In addition to the dance and fashion aspects of the disco club scene, there was also a thriving drug subculture, particularly for recreational drugs that would enhance the experience of dancing to the loud music and the flashing lights, such as cocaine (nicknamed "blow"), amyl nitrite "poppers", and the "...other quintessential 1970s club drug Quaalude, which suspended motor coordination and turned one's arms and legs to Jell-O". (Peter Braunstein. The "massive quantities of drugs ingested in discothèques by newly liberated gay men produced the next cultural phenomenon of the disco era: rampant promiscuity and public sex. While the dance floor was the central arena of seduction, actual sex usually took place in the nether regions of the disco: bathroom stalls, exit stairwells, and so on. In other cases the disco became a kind of "main course" in a hedonist's menu for a night out." (Braunstein)

Famous 1970s discothèques included "...cocaine-filled celeb hangouts such as Manhattan's Studio 54 ", which was operated by Steve Rubell and Ian Schrager. Studio 54 was notorious for the hedonism that went on within; the balconies were known for sexual encounters, and drug use was rampant. Its dance floor was decorated with an image of the "Man in the Moon" that included an animated cocaine spoon. Other famous discotheques included The Loft, the Paradise Garage, and Aux Puces, one of the first gay disco bars. By the early 1980s, the term "disco" had largely fallen out of favor in North America.

1980s New York, London & Europe

During the 1980s, during the New Romantic movement, London had a vibrant nightclub scene, which included clubs like The Blitz, the Batcave, the Camden Palace and Club for Heroes. Both music and fashion embraced the aesthetics of the movement. Bands included Depeche Mode, Human League, Duran Duran, Blondie, Eurythmics and Ultravox. Reggae-influenced bands included Boy George and Culture Club, and electronic vibe bands included Visage. At London nightclubs, young men would often wear make-up and young women would wear mens' suits.

The largest UK cities like Liverpool, Manchester (The Haçienda) and several key European places like Paris (Les Bains Douches), Berlin, Ibiza (Pacha), Rimini etc also played a significant role in the evolution of clubbing, DJ culture and nightlife

Significant New York nightclubs of the period were Area, Danceteria, and Limelight.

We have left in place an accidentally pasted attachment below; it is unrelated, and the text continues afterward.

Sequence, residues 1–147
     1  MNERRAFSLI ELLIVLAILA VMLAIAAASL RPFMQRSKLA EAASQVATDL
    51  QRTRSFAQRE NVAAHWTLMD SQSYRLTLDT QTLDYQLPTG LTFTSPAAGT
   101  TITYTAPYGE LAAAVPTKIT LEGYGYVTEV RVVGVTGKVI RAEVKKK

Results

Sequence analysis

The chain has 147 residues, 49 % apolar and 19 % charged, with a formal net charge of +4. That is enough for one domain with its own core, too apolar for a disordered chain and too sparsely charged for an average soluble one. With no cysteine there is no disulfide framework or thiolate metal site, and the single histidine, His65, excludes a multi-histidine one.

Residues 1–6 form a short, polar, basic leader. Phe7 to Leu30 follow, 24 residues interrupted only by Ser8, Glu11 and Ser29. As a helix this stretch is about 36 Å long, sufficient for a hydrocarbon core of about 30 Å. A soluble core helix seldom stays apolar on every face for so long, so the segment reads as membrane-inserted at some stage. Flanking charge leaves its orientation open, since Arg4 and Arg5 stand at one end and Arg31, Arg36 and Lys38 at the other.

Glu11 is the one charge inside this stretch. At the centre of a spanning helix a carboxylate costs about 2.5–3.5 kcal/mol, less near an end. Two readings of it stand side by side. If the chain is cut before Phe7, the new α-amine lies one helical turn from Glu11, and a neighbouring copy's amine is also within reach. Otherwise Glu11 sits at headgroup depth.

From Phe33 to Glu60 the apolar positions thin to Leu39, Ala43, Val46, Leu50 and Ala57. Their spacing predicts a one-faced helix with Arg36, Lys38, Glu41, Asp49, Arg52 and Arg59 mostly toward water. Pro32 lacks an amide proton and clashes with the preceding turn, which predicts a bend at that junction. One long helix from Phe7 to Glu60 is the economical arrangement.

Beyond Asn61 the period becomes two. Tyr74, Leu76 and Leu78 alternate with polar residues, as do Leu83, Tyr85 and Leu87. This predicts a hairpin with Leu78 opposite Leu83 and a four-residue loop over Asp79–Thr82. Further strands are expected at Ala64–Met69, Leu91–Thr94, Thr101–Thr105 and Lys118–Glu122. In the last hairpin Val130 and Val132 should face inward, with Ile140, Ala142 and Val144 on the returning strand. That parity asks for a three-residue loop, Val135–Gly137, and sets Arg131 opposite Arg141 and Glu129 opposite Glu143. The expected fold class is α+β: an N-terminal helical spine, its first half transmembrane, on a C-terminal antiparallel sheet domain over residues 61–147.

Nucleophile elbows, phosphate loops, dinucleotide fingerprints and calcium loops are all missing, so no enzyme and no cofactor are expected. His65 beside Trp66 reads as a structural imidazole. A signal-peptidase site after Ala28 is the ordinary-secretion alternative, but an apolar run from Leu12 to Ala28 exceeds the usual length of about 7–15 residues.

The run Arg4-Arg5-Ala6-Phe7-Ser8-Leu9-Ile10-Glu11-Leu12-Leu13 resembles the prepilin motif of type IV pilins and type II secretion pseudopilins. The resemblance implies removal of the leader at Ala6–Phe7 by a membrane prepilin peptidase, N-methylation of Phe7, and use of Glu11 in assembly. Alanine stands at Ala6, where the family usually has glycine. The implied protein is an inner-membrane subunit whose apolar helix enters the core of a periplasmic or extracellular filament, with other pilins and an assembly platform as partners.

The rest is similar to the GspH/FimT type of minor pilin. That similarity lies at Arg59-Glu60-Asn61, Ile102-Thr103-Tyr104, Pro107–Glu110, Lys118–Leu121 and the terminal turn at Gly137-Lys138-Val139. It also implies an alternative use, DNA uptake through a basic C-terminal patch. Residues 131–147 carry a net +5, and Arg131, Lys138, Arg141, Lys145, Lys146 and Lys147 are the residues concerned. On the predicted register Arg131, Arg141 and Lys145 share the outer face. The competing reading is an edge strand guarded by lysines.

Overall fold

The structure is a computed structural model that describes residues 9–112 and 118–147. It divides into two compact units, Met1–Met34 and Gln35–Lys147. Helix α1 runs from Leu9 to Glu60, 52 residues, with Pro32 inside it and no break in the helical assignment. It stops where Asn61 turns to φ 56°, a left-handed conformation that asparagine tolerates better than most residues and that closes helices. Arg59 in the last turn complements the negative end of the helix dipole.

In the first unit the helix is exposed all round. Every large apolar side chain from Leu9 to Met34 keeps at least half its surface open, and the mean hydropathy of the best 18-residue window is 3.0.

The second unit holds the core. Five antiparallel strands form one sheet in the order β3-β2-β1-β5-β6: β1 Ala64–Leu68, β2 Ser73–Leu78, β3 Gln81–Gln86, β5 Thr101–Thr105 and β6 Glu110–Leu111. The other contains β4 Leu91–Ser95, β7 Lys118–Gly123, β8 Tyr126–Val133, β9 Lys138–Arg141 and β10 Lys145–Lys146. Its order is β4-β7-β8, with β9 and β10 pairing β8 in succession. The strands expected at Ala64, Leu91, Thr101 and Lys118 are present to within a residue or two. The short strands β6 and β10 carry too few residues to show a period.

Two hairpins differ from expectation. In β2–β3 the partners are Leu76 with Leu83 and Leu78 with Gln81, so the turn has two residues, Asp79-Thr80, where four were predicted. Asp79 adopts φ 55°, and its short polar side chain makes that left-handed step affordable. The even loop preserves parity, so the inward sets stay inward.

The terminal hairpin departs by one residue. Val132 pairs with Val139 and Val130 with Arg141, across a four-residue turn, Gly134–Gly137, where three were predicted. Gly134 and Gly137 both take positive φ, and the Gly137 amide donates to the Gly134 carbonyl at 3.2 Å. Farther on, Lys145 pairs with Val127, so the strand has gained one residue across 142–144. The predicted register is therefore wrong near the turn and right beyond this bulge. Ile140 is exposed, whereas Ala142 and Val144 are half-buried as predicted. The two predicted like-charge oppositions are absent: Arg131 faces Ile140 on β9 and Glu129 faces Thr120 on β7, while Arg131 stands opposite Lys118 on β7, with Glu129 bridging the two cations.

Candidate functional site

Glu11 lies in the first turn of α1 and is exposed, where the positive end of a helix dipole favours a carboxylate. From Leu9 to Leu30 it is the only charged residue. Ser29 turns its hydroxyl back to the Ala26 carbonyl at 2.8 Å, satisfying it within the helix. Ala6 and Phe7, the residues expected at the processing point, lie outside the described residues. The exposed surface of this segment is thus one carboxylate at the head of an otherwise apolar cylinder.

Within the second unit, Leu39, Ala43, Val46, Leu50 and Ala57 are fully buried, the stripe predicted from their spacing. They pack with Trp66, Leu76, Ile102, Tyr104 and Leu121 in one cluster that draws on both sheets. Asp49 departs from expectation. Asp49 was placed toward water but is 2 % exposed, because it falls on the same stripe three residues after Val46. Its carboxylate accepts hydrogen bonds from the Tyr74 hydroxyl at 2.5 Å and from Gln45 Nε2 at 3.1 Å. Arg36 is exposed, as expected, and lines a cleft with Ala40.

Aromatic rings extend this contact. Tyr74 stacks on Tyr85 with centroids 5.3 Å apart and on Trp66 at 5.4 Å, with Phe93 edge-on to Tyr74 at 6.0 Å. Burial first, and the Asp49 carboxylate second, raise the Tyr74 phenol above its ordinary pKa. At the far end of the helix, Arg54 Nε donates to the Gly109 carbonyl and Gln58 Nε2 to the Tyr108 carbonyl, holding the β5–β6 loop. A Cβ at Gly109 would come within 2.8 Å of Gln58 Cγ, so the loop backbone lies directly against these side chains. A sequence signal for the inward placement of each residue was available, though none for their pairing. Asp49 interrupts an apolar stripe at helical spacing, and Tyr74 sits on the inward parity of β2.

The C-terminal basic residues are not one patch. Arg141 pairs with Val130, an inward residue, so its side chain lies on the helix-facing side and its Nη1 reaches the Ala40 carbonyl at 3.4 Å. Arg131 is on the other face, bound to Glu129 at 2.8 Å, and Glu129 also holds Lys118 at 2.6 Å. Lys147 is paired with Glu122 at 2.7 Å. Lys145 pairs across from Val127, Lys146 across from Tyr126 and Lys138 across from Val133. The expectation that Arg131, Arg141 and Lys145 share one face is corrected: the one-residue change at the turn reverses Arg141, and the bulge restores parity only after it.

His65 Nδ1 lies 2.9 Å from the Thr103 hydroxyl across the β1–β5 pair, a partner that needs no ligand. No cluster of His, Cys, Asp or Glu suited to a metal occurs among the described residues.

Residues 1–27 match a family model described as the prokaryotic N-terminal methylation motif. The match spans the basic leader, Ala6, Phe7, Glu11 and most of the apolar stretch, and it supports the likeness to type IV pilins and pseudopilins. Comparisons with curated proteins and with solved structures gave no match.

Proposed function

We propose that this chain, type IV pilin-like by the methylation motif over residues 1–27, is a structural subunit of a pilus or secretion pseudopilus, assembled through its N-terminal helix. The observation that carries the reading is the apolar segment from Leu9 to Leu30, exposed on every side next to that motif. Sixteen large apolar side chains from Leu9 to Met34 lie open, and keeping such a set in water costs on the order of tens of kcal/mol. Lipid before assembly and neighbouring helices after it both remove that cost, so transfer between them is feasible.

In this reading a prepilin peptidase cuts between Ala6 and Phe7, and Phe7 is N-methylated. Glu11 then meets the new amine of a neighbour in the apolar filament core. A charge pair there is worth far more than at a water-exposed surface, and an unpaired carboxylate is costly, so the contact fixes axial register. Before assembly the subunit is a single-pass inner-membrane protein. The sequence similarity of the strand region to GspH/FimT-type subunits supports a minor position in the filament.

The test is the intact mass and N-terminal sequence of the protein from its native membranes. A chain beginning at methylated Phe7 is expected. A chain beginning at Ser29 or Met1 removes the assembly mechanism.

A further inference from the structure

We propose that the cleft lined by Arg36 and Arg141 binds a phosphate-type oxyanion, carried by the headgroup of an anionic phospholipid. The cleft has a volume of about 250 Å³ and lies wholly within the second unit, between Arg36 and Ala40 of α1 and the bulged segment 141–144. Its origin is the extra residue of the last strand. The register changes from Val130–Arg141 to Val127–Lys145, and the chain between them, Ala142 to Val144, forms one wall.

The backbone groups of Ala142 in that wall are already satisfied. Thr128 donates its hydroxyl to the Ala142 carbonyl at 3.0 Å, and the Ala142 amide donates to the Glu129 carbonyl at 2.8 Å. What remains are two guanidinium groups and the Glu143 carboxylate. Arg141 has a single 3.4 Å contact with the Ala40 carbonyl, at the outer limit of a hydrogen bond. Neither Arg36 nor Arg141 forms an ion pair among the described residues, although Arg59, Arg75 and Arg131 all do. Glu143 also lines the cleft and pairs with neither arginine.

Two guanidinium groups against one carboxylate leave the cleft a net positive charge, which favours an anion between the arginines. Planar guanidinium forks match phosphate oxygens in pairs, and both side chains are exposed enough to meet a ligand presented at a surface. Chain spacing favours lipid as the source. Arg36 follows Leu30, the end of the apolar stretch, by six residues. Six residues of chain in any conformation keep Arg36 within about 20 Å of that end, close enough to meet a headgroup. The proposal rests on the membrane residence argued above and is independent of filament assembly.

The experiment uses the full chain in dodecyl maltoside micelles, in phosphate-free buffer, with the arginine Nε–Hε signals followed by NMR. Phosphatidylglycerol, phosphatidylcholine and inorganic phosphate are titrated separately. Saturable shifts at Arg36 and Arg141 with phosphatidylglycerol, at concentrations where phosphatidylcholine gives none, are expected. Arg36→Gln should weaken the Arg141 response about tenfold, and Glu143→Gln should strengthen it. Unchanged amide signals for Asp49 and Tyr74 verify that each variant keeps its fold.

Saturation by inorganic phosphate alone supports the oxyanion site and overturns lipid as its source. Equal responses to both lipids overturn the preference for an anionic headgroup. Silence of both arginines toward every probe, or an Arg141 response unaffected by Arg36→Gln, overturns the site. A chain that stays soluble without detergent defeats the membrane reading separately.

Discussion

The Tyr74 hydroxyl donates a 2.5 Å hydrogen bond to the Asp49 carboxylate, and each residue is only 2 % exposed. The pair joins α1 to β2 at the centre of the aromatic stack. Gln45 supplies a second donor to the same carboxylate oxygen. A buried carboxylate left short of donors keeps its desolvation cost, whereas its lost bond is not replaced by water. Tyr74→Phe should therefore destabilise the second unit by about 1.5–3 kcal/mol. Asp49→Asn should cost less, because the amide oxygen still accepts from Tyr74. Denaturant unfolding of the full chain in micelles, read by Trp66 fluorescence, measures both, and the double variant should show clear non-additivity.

1990s and 2000s

In Europe and North America, nightclubs play disco-influenced dance music such as house music, techno, and other dance music styles such as electro or trance. Most nightclubs in the U.S. major cities play hip-hop, house and trance music. These clubs are generally the largest and most frequented of all of the different types of clubs. The immergence of the Superclub created a global phenomenom, with Ministry of Sound (London), Cream (Liverpool) and Pacha(Ibiza).

In most other languages, nightclubs are referred to as "discos" or "discothèques"; Italian and Spanish: discoteca, antro (Common in Mexico only), and "boliche" (Common in Argentina only), "discos" is commonly used in all others in Latinamerica. The term night is used to refer to an evening focusing on a specific genre, such as "retro music night" or a "singles night."

After the fall of communism in the Czech Republic, "nightclub" or "night club" became a common euphemism for a brothel. Therefore this word is not used in its original meaning.

A recent industry trend in the North American nightclub industry is the usage of video. Instead of audio-only, DJ's are now using video and "mixing" music videos and related songs together in an audio/visual presentation.

See also

Unless indicated otherwise, the text in this article is either based on Wikipedia article "Nightclub" or another language Wikipedia page thereof used under the terms of the GNU Free Documentation License; or on research by Jahsonic and friends. See Art and Popular Culture's copyright notice.